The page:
After finally being established after years of state government opposition, New Jersey's three pilot needle-exchange programs are struggling to attract participants. Needle exchanges in Camden, Paterson, and Atlantic City have enrolled only about 200 total clients, primarily due to a lack of government funding that limits their outreach abilities, according to the Drug Policy Alliance of New Jersey.
Kim McCargo, who oversees the Camden exchange, said it would take $500,000 annually to run a program that could distribute clean needles three days a week at more than one location. The program receives only about $85,000 in grants, which limits it to operating just once a week.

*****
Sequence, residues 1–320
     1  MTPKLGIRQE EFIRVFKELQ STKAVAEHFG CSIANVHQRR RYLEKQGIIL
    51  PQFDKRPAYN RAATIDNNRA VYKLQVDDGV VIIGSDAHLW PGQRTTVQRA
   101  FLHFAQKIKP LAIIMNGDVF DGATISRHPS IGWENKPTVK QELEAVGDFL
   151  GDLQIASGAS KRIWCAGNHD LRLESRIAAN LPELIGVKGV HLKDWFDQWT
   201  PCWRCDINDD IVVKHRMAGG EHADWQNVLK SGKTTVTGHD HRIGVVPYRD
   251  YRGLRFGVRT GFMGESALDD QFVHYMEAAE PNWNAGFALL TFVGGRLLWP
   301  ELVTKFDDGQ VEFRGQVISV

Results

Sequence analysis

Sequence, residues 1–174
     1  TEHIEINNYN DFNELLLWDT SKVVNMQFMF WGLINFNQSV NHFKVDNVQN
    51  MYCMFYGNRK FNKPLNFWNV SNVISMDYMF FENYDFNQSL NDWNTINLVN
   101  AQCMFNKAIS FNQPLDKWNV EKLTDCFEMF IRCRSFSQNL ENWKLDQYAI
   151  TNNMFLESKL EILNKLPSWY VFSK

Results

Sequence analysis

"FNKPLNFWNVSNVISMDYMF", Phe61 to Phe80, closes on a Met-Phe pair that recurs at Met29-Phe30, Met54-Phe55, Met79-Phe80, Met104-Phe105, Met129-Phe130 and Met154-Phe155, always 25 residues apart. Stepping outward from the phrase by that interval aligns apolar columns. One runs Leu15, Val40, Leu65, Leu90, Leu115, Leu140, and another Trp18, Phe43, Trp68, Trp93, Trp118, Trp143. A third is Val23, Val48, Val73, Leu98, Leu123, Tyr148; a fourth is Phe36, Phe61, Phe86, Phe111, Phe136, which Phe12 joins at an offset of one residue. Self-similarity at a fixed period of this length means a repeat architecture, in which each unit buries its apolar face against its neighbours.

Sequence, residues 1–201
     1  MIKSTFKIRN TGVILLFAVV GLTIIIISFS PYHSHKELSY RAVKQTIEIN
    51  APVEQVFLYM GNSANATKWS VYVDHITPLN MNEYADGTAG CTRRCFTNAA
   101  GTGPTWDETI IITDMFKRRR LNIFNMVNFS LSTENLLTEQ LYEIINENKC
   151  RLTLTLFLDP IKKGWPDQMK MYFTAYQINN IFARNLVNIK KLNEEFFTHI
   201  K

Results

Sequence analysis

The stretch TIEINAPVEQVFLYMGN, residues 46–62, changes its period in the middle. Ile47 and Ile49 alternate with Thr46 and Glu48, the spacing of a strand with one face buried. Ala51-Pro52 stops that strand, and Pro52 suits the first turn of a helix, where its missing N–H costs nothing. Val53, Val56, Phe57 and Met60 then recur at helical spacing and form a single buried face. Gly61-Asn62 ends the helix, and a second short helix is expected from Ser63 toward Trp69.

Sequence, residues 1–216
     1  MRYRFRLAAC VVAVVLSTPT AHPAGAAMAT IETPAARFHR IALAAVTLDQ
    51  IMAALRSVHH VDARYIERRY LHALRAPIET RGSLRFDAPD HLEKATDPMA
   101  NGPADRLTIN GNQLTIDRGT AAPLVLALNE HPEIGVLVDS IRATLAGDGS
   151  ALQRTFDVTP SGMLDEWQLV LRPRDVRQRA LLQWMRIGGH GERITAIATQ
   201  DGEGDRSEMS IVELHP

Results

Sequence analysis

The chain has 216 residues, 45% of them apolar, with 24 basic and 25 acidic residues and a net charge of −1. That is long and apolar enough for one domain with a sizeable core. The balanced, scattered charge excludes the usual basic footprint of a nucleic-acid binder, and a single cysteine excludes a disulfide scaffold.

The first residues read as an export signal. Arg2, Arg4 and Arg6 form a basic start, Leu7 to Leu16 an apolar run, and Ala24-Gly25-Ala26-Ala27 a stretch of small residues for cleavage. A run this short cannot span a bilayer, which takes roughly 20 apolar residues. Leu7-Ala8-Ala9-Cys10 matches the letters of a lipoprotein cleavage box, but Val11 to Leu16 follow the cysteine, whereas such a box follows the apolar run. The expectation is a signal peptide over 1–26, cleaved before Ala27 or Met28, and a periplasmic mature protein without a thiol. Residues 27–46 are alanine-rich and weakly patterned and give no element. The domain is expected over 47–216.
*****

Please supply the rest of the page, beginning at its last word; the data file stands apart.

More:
According to the Kaiser Family Foundation, about 43% of New Jersey's HIV cases are linked to injection-drug use.